Fatherland there must be the presence of the Army, the Police, to accompany
the Fiscalia when they take the decision to have a presence... We are
ready to support the Fiscalia with our Army, with our Police, so that the
Fiscalia can administer justice in San Jose Apartado, which continues to be
a corridor for the FARC."
"PEACE TALKS" WITH PARAS--DESPITE NEW ABDUCTIONS
As peace activists are threatened with arrest, the Colombian government
continues a "peace dialogue" with the outlawed right-wing
paramilitaries--despite one para leader being banned from the talks after
he abducted a former senator and eight others. Jose Gnecco remains missing
after being kidnapped June 28, though his family and chauffeur have been
freed. In response to the abductions, the government stripped Rodrigo Tovar
Pupo--alias "Jorge 40"--of immunity from arrest during pending talks.
the family was kidnapped as they drove along the coastal
highway between the cities of Santa Marta and Riohacha in the conflicted
region of La Guajira. All except ex-senator Gnecco were picked up in the
foothills of the nearby Sierra Nevada the following morning. Reports say
their release followed an army operation. A local army general reported
that Gnecco's wife, Laura Giraldo, and one of their children had received
A statement by President Uribe's office said there were "strong signs "
that the abductions were carried out by paramilitaries from the United
Self-Defence Forces of Colombia (AUC). The statement said new arrest orders
had been issued for Tovar and fellow AUC commander Hernan Giraldo Serna.
Arrest warrants against the leaders were suspended on June 15 provided they
remain within a 368-square-km safe haven set up in the municipality of
Tierralta, Cordoba department. The peace talks aim to demobilize the AUC's
13,000 fighters by 2006. In return, the group seeks guarantees of safe
conduct and protection against extradition to the US on drug trafficking
charges. Of the ten paramilitary negotiators, five have outstanding US
extradition warrants, and another three, including Tovar, are under
Partially in protest of the immunity being afforded para leaders, another
armed group, the leftist National Liberation Army (ELN), on July 10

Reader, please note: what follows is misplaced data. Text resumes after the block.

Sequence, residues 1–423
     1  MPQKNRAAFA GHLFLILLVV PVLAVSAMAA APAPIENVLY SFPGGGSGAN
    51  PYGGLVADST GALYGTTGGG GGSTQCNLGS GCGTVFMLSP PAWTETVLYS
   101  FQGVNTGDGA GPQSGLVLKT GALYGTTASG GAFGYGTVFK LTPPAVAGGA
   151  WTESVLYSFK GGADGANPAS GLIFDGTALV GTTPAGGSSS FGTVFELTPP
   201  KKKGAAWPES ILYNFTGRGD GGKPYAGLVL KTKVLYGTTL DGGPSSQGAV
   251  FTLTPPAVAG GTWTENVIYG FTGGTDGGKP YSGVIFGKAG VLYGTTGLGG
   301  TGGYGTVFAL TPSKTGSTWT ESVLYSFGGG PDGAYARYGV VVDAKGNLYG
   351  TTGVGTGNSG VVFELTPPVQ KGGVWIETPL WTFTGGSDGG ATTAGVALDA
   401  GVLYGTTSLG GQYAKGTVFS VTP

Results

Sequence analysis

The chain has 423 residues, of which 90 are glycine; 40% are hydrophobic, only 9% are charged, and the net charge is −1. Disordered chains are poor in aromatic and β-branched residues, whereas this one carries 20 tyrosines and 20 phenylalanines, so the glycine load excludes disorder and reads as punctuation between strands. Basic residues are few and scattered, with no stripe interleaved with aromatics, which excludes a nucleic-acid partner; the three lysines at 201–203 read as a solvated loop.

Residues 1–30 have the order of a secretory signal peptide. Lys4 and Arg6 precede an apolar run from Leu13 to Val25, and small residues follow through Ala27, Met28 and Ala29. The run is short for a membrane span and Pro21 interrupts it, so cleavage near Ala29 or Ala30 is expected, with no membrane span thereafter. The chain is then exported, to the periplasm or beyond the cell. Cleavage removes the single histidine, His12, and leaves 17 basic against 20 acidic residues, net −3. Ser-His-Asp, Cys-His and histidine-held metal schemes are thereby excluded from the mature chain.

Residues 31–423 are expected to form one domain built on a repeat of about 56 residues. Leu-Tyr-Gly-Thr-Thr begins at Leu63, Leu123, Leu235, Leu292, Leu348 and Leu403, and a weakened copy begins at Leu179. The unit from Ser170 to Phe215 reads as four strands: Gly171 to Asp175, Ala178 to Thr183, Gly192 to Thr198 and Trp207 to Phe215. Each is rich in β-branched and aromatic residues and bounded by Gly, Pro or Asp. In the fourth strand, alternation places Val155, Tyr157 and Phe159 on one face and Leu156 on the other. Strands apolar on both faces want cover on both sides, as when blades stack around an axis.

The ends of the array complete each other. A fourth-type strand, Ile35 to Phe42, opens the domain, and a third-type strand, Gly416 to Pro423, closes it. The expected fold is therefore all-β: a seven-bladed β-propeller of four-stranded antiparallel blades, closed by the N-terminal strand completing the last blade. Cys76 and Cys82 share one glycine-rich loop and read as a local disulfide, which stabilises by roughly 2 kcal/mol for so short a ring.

officially rejected a cease-fire offer. In a letter to Mexican mediator
Andres Valencia, the ELN said lenient treatment of the paras proved the
government's offer was "improvised" and insincere. The ELN had appointed
Francisco Galan, now held in a top security prison, as their main peace
negotiator, DPA reported.
FARC NAMED IN MASSACRE OF COCA GROWERS
In another signal that Colombia's civil war has degenerated into a struggle
over control of the country's lucrative cocaine trade, BBC reported June 16
that armed men massacred 34 peasant coca growers in the village of Rio
Chiquita, Norte de Santander department. Regional police commander Lt Col
William Montezuma told the BBC that 50 gunmen rounded up the peasants and
summarily shot them. Officials said the gunmen were from the FARC, and the
coca farm was under the control of right-wing paramilitaries.
The cocaleros were reportedly sleeping in hammocks when the gunmen arrived
at dawn. Bound hand and foot with ropes, they were then shot with automatic
weapons. "We saved ourselves by running toward the mountain," said Jesus
Bayona, 45, who survived after being shot in the foot.
The attack comes at a bad time for the FARC, which is attempting to portray
a recent change in leadership as signaling a tilt away from a military
emphasis towards one of civil political struggle. BBC reported June 12
the FARC's long-time leader Manuel Marulanda had died or is near death of
prostate cancer. The FARC's new leader is named as Alfonso Cano--reportedly
an alias for Guillermo Leon Saenz--who has long been ideological head of
the guerrilla army.
Special to WORLD WAR 3 REPORT, July 10, 2004
Reprinting permissible with attribution